Focus on the positives

The need for heart surgery came as no surprise to Hamish, he’d been living with a heart condition his whole life. He says a positive focus was the key to his recovery.

Hamish’s heart condition was diagnosed when he was just six months old. The GP noticed a heart murmur during a routine check, and further investigation by specialists in Auckland revealed a bicuspid aortic valve – a condition where the aortic heart valve has two flaps instead of three.

“I think everyone got all panicked and worried, but there wasn’t an immediate need to do anything because it was functioning normally and there were no obvious symptoms. So, they just put me on a regime of check-ups every three years,” Hamish explains.

Aside from the three yearly check-ups, the bicuspid valve had very little impact on Hamish’s early life. Always active, he played a lot of sport and represented the district for basketball.

Now 42, Hamish has continued this love of physical activity into adult life, something he now shares with his wife and two kids, aged 10 and 7.

“I play basketball, I cycle and fish, and enjoy that type of stuff. I live a very happy, healthy life.”

Aortic aneurysm develops

Over the years Hamish continued to have regular check-ups to monitor the valve and his heart more generally. It was during one of these routine checks, the cardiologist noticed an aortic aneurysm, a bulge in the wall of the aorta, the body’s largest artery.

“It became an increasing concern a few years ago. The cardiologist ordered more regular scans, over and above the usual, to get very accurate measurements and measure any changes,” Hamish explains. “It didn’t really make me worry too much because I always knew that with the bicuspid valve, that I’d have an operation to fix it and then I’d just carry on.

In early 2021 scans revealed a deterioration in his condition.

“The surgeon put it pretty bluntly,” Hamish recalls. “He suggested I do it sooner rather than later, otherwise I might end up in the operating theatre under different circumstances. It was then that the penny dropped that this actually was quite serious, even though I wasn’t having any major symptoms. It was something that could go bad rather quickly.”

Anxious wait for surgery

Hamish faced a three month wait for his surgery, and this was one of the most stressful parts of the process.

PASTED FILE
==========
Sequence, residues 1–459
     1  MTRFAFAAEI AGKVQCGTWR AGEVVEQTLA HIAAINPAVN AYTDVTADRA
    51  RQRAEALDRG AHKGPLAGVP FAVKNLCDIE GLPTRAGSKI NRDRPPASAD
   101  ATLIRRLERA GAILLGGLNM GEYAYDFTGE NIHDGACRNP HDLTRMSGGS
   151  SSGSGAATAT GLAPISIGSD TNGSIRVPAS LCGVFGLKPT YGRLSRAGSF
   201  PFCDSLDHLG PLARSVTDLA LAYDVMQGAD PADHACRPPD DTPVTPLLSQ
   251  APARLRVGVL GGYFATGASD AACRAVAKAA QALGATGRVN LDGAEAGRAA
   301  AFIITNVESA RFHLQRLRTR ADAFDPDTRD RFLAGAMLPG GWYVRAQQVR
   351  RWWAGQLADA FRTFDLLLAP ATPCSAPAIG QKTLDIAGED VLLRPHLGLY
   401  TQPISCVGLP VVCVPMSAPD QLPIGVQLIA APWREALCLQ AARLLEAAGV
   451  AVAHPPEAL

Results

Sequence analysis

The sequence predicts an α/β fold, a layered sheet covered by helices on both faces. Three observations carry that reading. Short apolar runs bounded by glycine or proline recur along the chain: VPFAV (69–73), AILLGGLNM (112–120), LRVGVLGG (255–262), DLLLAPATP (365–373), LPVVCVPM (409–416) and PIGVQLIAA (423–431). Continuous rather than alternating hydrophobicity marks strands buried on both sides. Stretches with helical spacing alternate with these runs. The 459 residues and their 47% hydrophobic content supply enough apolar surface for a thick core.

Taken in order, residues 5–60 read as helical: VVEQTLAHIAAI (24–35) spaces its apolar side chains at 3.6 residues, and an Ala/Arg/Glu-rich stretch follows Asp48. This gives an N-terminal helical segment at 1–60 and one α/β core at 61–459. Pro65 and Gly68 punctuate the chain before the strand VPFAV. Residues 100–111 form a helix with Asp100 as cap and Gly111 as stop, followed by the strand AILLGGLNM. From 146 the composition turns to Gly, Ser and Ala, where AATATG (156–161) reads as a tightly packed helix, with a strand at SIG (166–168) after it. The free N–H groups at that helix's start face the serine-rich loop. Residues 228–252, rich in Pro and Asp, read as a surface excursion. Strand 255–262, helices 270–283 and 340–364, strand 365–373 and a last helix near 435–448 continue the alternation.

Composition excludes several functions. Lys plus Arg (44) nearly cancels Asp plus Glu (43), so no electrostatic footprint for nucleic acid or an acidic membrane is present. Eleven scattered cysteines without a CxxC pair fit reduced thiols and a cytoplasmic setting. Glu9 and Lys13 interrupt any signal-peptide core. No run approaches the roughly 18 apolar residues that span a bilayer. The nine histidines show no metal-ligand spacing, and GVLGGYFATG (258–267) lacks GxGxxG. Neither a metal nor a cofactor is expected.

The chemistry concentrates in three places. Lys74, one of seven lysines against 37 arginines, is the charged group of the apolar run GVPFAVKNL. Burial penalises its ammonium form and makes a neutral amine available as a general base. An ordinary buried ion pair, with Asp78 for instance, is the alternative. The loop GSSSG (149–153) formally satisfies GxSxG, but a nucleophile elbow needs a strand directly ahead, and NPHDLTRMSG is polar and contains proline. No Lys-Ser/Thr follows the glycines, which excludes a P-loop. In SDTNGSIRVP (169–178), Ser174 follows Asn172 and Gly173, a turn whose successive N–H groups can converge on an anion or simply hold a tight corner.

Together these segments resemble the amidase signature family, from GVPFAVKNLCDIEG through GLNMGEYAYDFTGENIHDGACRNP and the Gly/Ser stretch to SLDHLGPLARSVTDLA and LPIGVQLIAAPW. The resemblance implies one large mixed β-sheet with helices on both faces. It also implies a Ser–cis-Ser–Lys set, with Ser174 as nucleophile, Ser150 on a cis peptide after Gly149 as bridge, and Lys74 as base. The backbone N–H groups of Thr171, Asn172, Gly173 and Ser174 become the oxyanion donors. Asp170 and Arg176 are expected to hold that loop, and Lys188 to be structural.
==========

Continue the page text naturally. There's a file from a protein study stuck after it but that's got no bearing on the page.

“They tell you it’s going to be a big surgery and that obviously you have to change your lifestyle afterwards, like going onto Warfarin for the rest of your life, and things with your diet and lifestyle that you need to be conscious of,” Hamish says. “And obviously there’s risks with this surgery, they don’t do it lightly. So that sort of plays on your mind as well.

“I had to take medication for anxiety. I was getting these short sharp chest pains, but the doctors never felt it was symptomatic of my condition. It was probably symptomatic of anxiety. My body was twisting itself in knots, so to speak.”

Part of Hamish’s preparation for surgery was making sure he caught up with close friends and family before the operation.

“We all got together and had a bit of a party beforehand. Just to say we love you and all that type of stuff.”

Cardiac surgery during lockdown

A week before the scheduled surgery, the country went into a Covid-19 lockdown. With cardiac surgery still going ahead, Hamish decided to proceed with the operation under Level 4 lockdown conditions.

This meant his wife and kids dropped him off at the hospital door on Monday morning and he couldn’t see them again until he was out of hospital.

“Obviously we could talk via Messenger or Facetime, but I didn’t see them in person until a week after I’d had the surgery because there were no visitors allowed during Level 4. It was just me in there and the doctors and nurses and the cardiac patients on the ward.”